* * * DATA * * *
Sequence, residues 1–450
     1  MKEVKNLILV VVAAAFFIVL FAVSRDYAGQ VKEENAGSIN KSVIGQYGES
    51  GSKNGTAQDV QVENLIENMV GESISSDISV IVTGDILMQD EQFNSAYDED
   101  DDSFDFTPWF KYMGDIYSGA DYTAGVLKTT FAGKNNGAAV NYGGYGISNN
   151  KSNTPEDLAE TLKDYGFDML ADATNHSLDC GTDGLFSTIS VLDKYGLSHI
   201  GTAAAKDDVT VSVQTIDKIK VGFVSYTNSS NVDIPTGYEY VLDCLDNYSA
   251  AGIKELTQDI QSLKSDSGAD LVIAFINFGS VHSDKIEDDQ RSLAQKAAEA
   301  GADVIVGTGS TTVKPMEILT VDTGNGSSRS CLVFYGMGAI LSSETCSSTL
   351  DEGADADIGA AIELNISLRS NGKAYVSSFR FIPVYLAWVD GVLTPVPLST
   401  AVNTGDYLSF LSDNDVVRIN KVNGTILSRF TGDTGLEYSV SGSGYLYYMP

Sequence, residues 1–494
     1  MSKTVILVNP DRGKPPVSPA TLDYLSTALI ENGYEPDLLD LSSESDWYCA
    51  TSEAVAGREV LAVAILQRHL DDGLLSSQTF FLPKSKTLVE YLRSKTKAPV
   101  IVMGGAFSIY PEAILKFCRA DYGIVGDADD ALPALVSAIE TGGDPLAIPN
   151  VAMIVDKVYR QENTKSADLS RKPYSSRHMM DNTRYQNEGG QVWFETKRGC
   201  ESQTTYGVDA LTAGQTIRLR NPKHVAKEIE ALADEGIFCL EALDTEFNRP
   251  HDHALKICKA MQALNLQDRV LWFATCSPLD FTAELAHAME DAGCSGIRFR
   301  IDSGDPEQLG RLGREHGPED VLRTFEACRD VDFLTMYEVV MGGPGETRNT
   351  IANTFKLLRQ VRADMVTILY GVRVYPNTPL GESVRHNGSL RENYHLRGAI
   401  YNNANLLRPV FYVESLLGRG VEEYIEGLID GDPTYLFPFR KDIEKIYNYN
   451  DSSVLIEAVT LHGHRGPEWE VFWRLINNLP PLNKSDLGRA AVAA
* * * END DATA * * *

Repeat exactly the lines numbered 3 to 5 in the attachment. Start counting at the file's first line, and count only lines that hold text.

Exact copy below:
    51  GSKNGTAQDV QVENLIENMV GESISSDISV IVTGDILMQD EQFNSAYDED
   101  DDSFDFTPWF KYMGDIYSGA DYTAGVLKTT FAGKNNGAAV NYGGYGISNN
   151  KSNTPEDLAE TLKDYGFDML ADATNHSLDC GTDGLFSTIS VLDKYGLSHI